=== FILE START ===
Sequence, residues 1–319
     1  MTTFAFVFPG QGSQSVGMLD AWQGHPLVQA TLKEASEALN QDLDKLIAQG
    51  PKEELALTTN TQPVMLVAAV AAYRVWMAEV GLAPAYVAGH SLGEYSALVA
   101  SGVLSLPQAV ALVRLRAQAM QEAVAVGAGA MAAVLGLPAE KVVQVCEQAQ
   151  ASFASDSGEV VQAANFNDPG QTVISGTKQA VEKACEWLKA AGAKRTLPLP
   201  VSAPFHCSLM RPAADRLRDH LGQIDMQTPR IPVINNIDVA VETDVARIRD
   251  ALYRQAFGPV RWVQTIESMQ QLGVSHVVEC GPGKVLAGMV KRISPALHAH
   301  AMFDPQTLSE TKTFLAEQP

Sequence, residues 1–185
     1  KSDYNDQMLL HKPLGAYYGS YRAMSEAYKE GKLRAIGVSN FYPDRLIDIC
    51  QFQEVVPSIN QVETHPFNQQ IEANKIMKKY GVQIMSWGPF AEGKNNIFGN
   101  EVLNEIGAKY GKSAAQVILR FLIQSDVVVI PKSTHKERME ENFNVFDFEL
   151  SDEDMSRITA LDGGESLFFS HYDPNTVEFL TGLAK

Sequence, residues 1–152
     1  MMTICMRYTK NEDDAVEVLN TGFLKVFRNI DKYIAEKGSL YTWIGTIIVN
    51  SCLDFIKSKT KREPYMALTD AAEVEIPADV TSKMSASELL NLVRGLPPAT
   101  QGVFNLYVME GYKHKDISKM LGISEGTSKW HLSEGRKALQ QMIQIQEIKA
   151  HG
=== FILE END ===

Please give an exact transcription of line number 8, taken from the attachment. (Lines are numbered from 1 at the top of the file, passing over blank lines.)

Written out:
   301  AMFDPQTLSE TKTFLAEQP